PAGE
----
THE Chief Constable of North Yorkshire Police has retired from the force.

Dave Jones, who was awarded the Queen's Policing Medal in the 2017 New Year's Honours, announced he would step down immediately from the force, after almost 32 years of distinguished service.

Mr Jones was appointed as Chief Constable in 2013, and was the first officer in England to be appointed to a Chief Constable role from the position of Assistant Chief Constable. He accepted an extension to his tenure in 2016 to provide continuity of leadership to North Yorkshire Police at a time when other chief officers were retiring from the force.

Mr Jones said he aimed to spend more time with his family following his retirement, and has appointed Deputy Chief Constable Lisa Winward to take command of the force until a successor can be appointed.

He said: "I have been proud to serve the community for nearly 32 years, but it is now time to step back and be with my family. I have always believed that neighbourhood policing is the bedrock of the police service, and that community approach is absolutely embedded at North Yorkshire Police. The force is also firmly on the road to a modernised service, with developments in mobile technology now rolling-out across the frontline, and more still to come."

Mr Jones previously served at Greater Manchester police, and was ACC with Police Service Northern Ireland before moving to North Yorkshire in 2013. In 2016, he took charge of South Yorkshire Police during a period of transition in which they were without a chief officer.

Mr Jones said he had seen a lot of changes in the way the force worked, and now was the right time for him to step aside as the changes continued.

He said: "Policing does not stand still, and North Yorkshire Policing is about to start the next phase in its transformation. This seemed like the right time for me to hand over the baton to a new leader, who can take the service on this new stage of the journey."

"I have said before that families play an absolutely crucial role in allowing police officers to do the best job in the world. I’d like to pay tribute to my family for the fantastic support they have given me over the years. I am very much looking forward to spending more time with them in my retirement. I’d also like to pay tribute to my colleagues at North Yorkshire Police, and the wider service for their dedication and commitment to keeping people safe, and making North Yorkshire one of the safest counties in England."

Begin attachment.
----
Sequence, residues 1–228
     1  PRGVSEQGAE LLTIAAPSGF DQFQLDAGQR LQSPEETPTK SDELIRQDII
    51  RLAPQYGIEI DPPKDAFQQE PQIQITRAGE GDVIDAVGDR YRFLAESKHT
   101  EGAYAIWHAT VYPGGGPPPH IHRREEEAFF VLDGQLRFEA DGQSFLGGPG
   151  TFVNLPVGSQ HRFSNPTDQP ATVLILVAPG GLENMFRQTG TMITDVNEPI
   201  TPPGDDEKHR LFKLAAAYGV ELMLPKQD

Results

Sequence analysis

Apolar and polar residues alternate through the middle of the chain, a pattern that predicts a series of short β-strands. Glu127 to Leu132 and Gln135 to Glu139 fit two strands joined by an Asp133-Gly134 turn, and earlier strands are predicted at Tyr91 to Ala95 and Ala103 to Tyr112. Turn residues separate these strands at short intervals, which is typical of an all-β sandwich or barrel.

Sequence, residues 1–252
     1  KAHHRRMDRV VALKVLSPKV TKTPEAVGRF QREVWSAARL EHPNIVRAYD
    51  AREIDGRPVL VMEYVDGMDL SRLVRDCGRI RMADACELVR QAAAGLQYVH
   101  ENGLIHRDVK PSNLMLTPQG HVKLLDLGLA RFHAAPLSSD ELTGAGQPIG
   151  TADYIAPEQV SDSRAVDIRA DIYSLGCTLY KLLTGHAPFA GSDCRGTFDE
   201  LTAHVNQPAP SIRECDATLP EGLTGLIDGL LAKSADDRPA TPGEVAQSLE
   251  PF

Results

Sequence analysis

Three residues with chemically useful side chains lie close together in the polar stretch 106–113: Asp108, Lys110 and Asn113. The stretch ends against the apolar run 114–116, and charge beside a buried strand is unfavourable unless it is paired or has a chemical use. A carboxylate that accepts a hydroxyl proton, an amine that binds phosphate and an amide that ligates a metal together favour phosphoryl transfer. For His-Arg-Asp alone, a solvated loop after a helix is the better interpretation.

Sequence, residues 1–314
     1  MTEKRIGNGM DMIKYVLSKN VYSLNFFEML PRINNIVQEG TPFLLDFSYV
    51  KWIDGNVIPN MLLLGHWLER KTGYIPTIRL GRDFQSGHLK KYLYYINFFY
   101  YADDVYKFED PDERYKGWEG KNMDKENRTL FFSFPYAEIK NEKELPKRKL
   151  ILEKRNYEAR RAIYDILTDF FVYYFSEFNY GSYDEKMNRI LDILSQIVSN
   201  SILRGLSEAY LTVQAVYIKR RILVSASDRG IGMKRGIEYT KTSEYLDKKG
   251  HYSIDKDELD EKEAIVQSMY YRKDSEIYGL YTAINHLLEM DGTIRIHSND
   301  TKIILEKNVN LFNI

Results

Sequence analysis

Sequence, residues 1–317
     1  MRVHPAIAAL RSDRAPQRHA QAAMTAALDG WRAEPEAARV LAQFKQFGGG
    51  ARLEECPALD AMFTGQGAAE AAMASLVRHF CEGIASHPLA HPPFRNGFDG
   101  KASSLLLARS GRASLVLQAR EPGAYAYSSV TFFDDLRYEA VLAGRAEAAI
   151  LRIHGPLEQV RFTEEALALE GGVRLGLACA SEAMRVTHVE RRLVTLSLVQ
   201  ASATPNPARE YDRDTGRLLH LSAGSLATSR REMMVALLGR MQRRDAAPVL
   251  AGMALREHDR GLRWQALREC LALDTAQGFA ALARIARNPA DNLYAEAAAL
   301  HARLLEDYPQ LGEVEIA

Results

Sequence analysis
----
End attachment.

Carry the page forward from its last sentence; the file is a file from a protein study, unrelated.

Police and Crime Commissioner Julia Mulligan said the search for a new Chief Constable would begin as soon as possible, with an aim to appoint a successor within three months.

She said: "It was with great regret that I have accepted Dave Jones’ decision to retire, but I completely understand and respect his wish to spend more time with his family.

"I selected Dave Jones for the role of Chief Constable because of his impressive record of service in some of the most challenging environments in the UK, his clear determination, and his very deep commitment to community policing. He promised to be a formidable leader, and he has absolutely lived up to that promise. His personal leadership and commitment to North Yorkshire Police – and the wider police service – has been exceptional, and he has done a great job in very challenging times. He leaves with the respect and best wishes of colleagues in our county and beyond. Policing – and North Yorkshire Police in particular – will miss him greatly."

Chief Constable Sara Thornton CBE QPM, chair of the National Police Chiefs’ Council, also paid tribute to Mr Jones.

She said: "I would like to thank Dave for his tremendous contribution to policing nationally.

"In particular he has led the National Police Chiefs' Council work on citizens in policing and rural crime. He has been a board member of our staff association for many years, supporting colleagues through tough times, and he has been a committed and active member of Chiefs' Council. The readiness with which he transferred to South Yorkshire Police when they urgently needed help impressed all those involved. He was insightful, energetic and completely selfless."

Mrs Mulligan said Deputy Chief Constable Winward was "a highly respected and experienced chief officer", and she was "confident that the force is in very safe hands".

She said: "By the end of the month we will appoint a deputy to backfill DCC Winward’s position on an interim basis, and I will carry out an open and transparent recruitment process for a permanent Chief Constable as soon as possible."